In addition to health insurance, group life insurance, long-term disability, cancer policies and other supplemental coverages should be evaluated. These do not always carry over to retirement, and it is important to make sure you understand which benefits you might lose and how that impacts your financial plan.
Less Time To Save For Retirement
It’s no secret the majority of Americans are underprepared for retirement–they just haven’t saved enough. The acceptance of an early retirement incentive will end your retirement savings early; not only will you be reducing your personal savings, but you will also be ending the matching contributions from your company. Depending on your situation, the few years of saving you will forego may have a tremendous impact on your financial plan.
Typically, a VERP will include a lump sum benefit, which may make up for the amount you would have saved in the last few years of employment. It is important to review with your financial advisor the impact of ending your retirement savings early and if the lump sum benefit is able to offset the savings lost. Make sure you consider the lump sum will most likely be a taxable distribution, meaning you will not see the full amount due to income taxes being withheld. We will discuss other tax considerations later, but it is important to understand the full amount of the lump sum benefit should not be included in your evaluation. Be sure to account for taxes!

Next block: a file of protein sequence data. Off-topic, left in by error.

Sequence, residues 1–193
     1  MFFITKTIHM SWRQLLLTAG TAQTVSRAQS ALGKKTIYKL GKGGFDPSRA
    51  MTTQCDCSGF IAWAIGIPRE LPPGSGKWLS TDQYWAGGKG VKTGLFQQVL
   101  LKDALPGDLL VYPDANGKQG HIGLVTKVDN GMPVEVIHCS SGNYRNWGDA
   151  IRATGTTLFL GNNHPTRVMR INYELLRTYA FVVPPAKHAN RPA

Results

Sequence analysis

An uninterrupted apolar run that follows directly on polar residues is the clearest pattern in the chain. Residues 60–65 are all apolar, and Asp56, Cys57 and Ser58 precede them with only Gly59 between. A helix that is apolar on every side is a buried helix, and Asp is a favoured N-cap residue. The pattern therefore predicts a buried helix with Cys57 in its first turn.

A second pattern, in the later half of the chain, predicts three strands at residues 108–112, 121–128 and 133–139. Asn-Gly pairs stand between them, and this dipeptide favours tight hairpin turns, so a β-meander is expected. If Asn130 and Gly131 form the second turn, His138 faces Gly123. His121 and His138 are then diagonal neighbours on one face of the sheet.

It may not seem like it, but a few more years of saving could outweigh the benefit of an early retirement incentive. It’s important to take this into consideration when evaluating if a VERP fits your plan.
Additional Years Of Retirement Income Need
Retiring early adds to the number of years your financial plan needs to fund. It’s impossible to know how long you will be in retirement, but adding additional years of income need can have a huge impact on your financial plan. Beginning the income phase of your financial plan early can lead to a shortfall of retirement savings later in life. Be sure to rework your financial plan to incorporate the additional years of income needs, along with the additional expenses we discussed earlier to make sure your financial plan does not weaken.
Not only does an early retirement increase the number of years you need to fund, but it may also impact your ability to pay down debt prior to retirement. The expenses of the debts that are not retired before you retire need to be considered in your income planning as well.